Tuesday: (Revelation 3) To the church in Sardis: I know your works, that you have the reputation of being alive, but you are dead. A few of you will be spared because they are worthy.
Wednesday: (Revelation 4) I saw a vision from heaven: In the center were four living creatures that surrounded the one who sits on the throne.
Thursday: (Revelation 5) In the midst of the throne was a lamb ready to be slain. He was the one worthy to open the scroll of scripture.
Friday (Revelation 10) Take the scroll and swallow it. You must prophesy again about many peoples, nations, tongues, and kings.
Saturday (Revelation 11) A great battle was waged between the beasts and the inhabitants of the earth. All died, but after 3.5 days the breath of life from God entered them. Those who fell stood on their feet. They went up to heaven in a cloud as their enemies looked on.
Monday: (Luke 18) A blind beggar heard Jesus was passing by: Son of David, have pity on me. What do you want me to do for you? Lord, please let me see.
Tuesday: (Luke 9) Zachhaeus, the tax collector, climbed a tree to see Jesus, who offered him salvation. Because of his mercy, he repaid all those he defrauded.
Wednesday (Luke 19) Jesus told a parable near Jerusalem: A nobleman went off for a while and told his servants to engage in trade with his coins. Some invested wisely, but one did not. He was chastised and all was taken away from him.
Thursday (Luke 19) If this day you only knew what makes for peace – but now it is hidden from your eyes.
Friday (Luke 19) Jesus overturned the tables in the Temple and went teaching in the temple area. Meanwhile, many were plotting his death.
Saturday (Luke 20) Jesus settles the dispute about the resurrection and tells the people that all who have died are alive to God and to us.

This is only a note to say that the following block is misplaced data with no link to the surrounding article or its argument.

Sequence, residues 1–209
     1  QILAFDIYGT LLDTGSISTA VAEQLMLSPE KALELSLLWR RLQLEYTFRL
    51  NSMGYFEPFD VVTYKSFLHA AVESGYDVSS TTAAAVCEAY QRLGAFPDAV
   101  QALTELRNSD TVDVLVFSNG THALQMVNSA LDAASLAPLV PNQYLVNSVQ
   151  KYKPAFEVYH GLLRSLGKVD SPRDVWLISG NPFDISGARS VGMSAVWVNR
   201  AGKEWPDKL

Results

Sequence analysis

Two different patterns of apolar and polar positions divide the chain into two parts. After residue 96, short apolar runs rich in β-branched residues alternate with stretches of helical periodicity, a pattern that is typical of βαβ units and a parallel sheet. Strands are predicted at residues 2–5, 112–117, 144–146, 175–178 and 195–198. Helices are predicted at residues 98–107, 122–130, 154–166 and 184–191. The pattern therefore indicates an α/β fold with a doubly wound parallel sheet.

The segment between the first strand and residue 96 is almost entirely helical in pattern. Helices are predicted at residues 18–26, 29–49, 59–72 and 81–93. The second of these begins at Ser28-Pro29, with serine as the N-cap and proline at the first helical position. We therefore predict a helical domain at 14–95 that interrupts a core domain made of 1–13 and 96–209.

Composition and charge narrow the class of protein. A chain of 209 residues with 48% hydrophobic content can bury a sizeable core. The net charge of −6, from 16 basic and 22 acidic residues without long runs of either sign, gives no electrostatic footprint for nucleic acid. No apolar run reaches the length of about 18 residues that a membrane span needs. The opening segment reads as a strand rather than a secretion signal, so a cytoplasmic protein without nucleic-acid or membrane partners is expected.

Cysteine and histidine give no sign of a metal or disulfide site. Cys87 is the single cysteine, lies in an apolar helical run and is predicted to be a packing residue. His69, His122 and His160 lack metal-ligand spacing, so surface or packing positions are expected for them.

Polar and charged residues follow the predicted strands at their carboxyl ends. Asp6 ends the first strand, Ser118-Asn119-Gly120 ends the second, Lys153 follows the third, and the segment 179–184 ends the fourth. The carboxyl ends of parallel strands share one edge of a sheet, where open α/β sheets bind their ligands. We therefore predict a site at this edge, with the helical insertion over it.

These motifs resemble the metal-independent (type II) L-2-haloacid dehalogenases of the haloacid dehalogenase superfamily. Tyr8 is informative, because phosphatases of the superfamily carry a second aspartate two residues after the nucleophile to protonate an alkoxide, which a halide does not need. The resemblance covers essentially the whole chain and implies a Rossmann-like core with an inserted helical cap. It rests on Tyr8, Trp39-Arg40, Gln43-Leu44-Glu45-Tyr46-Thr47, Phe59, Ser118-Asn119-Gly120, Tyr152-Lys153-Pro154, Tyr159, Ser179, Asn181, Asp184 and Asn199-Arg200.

Saints of the Week
November 13: Francis Xavier Cabrini, religious (1850-1917) was an Italian-born daughter to a Lombardy family of 13 children. She wanted to become a nun, but needed to stay at her parents’ farm because of their poor health. A priest asked her to help work in a girls’ school and she stayed for six years before the bishop asked her to care for girls in poor schools and hospitals. With six sisters, she came to the U.S. in 1889 to work among Italian immigrants. She was the first American citizen to be canonized.
November 13: Stanislaus Kostka, S.J., religious (1550-1568) was a Polish novice who walked from his home to Rome to enter the Jesuits on his 17th birthday. He feared reprisals by his father against the Society in Poland so we went to directly see the Superior General in person. Francis Borgia admitted him after Peter Canisius had him take a month in school before applying for entrance. Because of his early death, Kostka is revered as the patron saint of Jesuit novices.
November 14: Pedro Arrupe, S.J., Superior General (1917-1991) was the 28th Superior General of the Jesuits. He was born in the Basque region of the Iberian Peninsula. He is considered one of the great reformers of the Society because he was asked by the Pope to carry out the reforms of Vatican II. November 14th is the commemoration of his birth.
November 14: Joseph Pignatelli, S.J., religious and Superior General (1737-1811) was born in Zaragosa, Spain and entered the Jesuits during a turbulent era. He was known as the unofficial leader of the Jesuits in Sardinia when the Order was suppressed and placed in exile. He worked with European leaders to continue an underground existence and he was appointed Novice Master under Catherine the Great, who allowed the Society to receive new recruits. He secured the restoration of the Society partly in 1803 and fully in 1811 and bridged a link between the two eras of the Society. He oversaw a temperate reform of the Order that assured their survival.